All Voices Matter: decisions made there could impact us here

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In her weekly column, All Voices Matter, staff reporter Aviance Pritchett gives her take on social and cultural issues.

In her weekly column, All Voices Matter, staff reporter Aviance Pritchett gives her take on social and cultural issues.

We’re only four months into 2017, and there has certainly been a lot of changes, especially within our government. President Trump has proven to be fairly unpopular, which is evident in his 35 percent approval rating; a new low for an American president who has only been in office for a few months.

Several of his executive orders, especially his immigration order, sometimes called the “Muslim ban” have received a great deal of media attention and could have an impact here on campus as the school is home to students of many backgrounds. Some students have family that live in the countries that were included in the aforementioned Muslim ban.

LGBT students could also be in trouble. Texas has a proposed bathroom bill similar to one in North Carolina’s that was recently repealed. This proposed bill, if passed, will likely fuel discrimination towards trans people, and President Trump, a self-proclaimed LGBT ally, has yet to say a word on it. However, many in his cabinet has been known to support anti-LGBT laws.

The confirmation of Jeff Sessions becoming Attorney General is concerning to people of color, especially black people. Even Coretta Scott King, the wife of Martin Luther King Jr., had written a letter that strongly advised the Senate to not nominate Sessions. Sessions has been accused of punishing black people for helping elderly black voters with absentee voting ballots.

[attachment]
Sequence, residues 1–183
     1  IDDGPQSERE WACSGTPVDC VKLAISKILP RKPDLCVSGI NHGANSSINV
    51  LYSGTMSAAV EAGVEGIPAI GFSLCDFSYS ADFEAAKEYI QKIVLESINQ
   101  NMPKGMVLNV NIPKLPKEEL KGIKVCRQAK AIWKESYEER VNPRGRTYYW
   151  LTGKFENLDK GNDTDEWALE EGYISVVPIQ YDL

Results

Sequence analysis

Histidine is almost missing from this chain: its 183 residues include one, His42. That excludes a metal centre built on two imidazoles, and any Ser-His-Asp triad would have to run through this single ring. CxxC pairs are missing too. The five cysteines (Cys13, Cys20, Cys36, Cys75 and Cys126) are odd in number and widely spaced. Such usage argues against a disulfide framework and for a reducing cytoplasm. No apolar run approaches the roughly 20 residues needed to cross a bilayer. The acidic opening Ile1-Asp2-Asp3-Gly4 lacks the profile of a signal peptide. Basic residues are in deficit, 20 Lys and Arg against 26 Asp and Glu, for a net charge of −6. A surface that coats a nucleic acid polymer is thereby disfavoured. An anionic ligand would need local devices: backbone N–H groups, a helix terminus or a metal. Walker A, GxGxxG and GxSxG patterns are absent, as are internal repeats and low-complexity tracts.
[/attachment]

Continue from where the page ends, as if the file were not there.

There’s also Betsy DeVos, who was given the position of Secretary of Education, a job that is kind of important when it comes to schools such as this. One thing that must be addressed is that DeVos has no experience in education whatsoever, and she invests millions lobbying laws for the draining of public school resources. She’s a big fan of school choice and is considered to be the wrong choice for overlooking the civil rights of students by many teachers.

The actions of politicians in Washington, D.C. may seem far away, but someway, somehow many of the decisions made there will impact students here. Whether a student is in favor of some of the examples mentioned above, or against, our voices can and should be heard.